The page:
Today, we will be attending our second annual Thanksgiving get-together. This event came out of several discussions centering on family obligations. Obligations many of us have come to expect but with reluctant acceptance.
Some are blessed with families, all truly happy to come together around a rather large bird. But for many, the thought of spending festive time with those who share a gene pool, no matter how good the turkey and fixings, can be overwhelming.
Hence, today’s “family” Thanksgiving. All in attendence come with the same baggage. Except my hubby. He likes going to see his family. Not that there aren’t any blood relatives who play unfairly. There are. It’s just that hubby learned from a very young age how to ignore them. Unfortunately, no one at Kaukab’s table did.
Last year, at our first event, we all came together at one of the families’ homes, situated on 10 acres with a lovely creek running through it. We did it ‘Better Homes and Gardens style. Outdoors, with a long row of tables, clothed with fall colors and mis-matched chairs. We all brought various foods. I brought dressing, green beans (not the casserole one), and cranberry sauce (from fresh whole berries that I did not pick from my bog).
This year, I’m bringing more dressing and cranberry sauce. Someone decided to do beans this year, so I’m off the hook. (This same person doesn’t feel comfortable making dressing, so I raised my hand and was approved.)
Kaukab never made cranberry sauce from whole berries. I’m not sure why. We grew up with the canned cranberry with the ring imprints. And, she never made dressing. Her Thanksgiving table held mashed potatoes and gravy, corn, tabouli or salad, and rolls to supplement the turkey, which she’d prepare very early Thanksgiving morning in time to have our holiday meal no later than 1p.m., as opposed to our cousins, who lived two blocks over. They’d have theirs during the dinner hour, generally around 6p.m.; which meant, that we’d have to wait a long time between our meal and theirs before we could pile into the car and visit the several first cousins who’d make their way from numerous other street blocks to this same house.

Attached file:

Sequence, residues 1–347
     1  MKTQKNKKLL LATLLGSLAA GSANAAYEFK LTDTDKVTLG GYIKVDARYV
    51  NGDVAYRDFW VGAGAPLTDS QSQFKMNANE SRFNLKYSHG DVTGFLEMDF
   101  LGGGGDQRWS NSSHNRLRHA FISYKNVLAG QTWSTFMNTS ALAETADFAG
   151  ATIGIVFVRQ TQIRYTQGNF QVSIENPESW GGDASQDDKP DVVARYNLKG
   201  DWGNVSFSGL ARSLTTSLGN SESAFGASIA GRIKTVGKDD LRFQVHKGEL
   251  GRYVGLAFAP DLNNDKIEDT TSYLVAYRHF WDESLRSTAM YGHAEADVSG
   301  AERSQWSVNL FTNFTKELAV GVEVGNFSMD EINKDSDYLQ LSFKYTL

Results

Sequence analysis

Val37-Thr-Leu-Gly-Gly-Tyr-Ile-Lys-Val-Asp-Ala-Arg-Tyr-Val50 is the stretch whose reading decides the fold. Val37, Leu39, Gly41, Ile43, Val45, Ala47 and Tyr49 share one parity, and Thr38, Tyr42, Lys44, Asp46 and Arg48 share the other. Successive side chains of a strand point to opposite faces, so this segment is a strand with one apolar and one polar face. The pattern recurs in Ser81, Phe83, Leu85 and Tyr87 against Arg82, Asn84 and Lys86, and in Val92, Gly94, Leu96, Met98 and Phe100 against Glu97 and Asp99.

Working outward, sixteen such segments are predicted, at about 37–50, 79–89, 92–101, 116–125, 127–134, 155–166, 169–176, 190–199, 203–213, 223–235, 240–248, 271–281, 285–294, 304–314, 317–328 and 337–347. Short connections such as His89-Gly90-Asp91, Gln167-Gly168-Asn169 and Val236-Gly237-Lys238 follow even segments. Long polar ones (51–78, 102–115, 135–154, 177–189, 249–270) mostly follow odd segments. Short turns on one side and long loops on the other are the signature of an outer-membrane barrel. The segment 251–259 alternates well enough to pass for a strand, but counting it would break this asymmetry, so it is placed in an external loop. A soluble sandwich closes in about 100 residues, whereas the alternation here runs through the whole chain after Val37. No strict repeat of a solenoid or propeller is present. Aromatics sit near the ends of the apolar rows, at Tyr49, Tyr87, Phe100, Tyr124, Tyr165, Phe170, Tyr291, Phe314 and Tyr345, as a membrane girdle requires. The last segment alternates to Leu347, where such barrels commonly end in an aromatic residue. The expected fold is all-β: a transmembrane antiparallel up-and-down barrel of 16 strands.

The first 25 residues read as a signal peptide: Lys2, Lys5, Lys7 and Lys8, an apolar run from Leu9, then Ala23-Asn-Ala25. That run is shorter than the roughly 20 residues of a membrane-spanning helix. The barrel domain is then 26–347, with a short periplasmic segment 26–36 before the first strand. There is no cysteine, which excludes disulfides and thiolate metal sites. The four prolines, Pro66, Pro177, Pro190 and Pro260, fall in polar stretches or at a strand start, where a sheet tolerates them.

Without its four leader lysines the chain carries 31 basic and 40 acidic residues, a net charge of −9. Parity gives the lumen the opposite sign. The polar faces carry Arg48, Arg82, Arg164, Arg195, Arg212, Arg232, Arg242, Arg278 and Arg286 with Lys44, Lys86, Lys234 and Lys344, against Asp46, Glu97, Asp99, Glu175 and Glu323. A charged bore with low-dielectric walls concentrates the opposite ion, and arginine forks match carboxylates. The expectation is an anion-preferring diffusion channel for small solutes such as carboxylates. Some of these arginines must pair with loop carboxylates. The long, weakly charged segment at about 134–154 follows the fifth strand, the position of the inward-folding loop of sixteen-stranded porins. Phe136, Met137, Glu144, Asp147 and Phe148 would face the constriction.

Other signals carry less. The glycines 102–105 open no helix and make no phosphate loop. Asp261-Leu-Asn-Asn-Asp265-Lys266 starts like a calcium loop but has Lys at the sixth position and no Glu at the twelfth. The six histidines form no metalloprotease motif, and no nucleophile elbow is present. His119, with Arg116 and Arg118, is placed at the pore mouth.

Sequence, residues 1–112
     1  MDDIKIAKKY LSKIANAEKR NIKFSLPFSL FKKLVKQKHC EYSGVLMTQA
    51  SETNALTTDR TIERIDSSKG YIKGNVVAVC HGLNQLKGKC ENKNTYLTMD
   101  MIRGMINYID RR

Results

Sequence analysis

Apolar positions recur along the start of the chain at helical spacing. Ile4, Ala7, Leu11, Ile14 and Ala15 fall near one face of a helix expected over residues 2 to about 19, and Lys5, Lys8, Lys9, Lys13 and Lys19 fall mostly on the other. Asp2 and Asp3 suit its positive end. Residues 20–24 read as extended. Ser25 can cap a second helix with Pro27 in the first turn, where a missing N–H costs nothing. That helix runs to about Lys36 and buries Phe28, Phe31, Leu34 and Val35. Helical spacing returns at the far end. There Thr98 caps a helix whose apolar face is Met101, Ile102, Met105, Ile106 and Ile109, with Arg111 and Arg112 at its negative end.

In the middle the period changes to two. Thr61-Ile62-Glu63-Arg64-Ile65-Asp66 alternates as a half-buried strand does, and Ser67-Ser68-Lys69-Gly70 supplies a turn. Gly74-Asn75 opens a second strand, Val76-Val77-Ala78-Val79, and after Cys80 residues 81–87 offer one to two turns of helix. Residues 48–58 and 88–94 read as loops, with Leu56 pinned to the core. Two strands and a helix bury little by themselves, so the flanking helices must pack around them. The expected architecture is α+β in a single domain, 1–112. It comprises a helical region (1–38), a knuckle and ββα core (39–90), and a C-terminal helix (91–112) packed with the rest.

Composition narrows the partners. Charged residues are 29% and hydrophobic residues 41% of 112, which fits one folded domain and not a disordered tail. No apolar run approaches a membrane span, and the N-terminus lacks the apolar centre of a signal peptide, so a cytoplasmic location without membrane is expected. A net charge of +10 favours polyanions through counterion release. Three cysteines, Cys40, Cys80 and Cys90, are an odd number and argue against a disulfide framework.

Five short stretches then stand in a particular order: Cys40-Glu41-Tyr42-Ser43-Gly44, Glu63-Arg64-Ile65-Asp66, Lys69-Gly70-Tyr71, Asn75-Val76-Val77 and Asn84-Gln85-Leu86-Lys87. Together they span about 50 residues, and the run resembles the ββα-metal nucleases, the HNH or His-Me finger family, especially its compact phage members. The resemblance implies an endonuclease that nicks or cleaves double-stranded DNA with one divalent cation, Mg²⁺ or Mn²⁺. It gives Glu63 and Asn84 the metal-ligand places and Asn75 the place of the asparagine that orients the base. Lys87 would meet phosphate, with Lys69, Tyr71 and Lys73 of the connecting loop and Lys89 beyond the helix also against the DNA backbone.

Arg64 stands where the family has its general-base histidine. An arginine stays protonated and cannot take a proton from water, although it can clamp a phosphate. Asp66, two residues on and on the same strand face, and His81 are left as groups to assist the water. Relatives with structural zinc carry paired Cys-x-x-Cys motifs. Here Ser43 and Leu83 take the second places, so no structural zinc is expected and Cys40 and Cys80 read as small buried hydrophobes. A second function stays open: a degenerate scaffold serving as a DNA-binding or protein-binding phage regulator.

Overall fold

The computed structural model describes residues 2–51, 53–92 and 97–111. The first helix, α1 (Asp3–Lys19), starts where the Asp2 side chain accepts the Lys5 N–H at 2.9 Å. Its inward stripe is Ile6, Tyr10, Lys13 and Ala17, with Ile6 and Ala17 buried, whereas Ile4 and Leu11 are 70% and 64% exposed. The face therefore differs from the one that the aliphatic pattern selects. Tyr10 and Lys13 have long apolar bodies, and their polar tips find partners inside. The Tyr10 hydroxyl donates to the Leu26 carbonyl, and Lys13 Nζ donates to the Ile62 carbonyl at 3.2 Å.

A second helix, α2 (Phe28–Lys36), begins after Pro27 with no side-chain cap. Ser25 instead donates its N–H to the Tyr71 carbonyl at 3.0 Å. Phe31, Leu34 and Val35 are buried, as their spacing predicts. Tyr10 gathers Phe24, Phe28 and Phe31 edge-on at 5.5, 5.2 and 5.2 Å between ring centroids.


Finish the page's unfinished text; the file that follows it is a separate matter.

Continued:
My Uncle “Jimmy,” (Jamil) who was younger than my father and more “Americanized,” would have the bar set up and all kinds of football blaring from the television and radio. He’d be the one making the drinks and then plunk himself in his chair, t.v. tray positioned and armed with small dishes of olives, nuts, cheeses, and pita bread, and puffing on his large cigar, making sports-talk to anyone who’d listen. Usually, my father would be seated to his right on the nearby sofa, blurting out political-speak, rambling on about taxes, crooked politicians, and the ruin of American society. These two divergent speak-easys would inevitably collide and I’d see them both morph into boyhood figures. Amusing, but not pretty.
The women staked their claim on the kitchen. This is where I learned the fine art of a different politic. The subtlties of verbal one upmanship, which sometimes became not-so-subtle. Over coffee and dessert, these mothers would discuss matters running the gamut from recipes to rendevous of unsuspecting church ladies. Mostly, they’d speak these unspeakables in Arabic, often forgetting that I understood every word-morsel offered. Often, I would hear from Kaukab an indignant, “Whad a madder weet you!” Which, would inevitably cause a verbal rumble around the festive holiday table. At evening’s end, all would kiss-and-make up, wishing one another a final ‘Happy Thanksgiving.’
Every Thanksgiving, we could look forward to the same. Year in, year out. As the cousins got older and had families of their own, the Thanksgivings as we knew them, stopped. Funerals became the new Thanksgiving. Amusing, in a different, morbid sort of way.
So today, I’m looking forward to having Thanksgiving #1. Sharing good times with those who’ve become like family. Minus the crazy.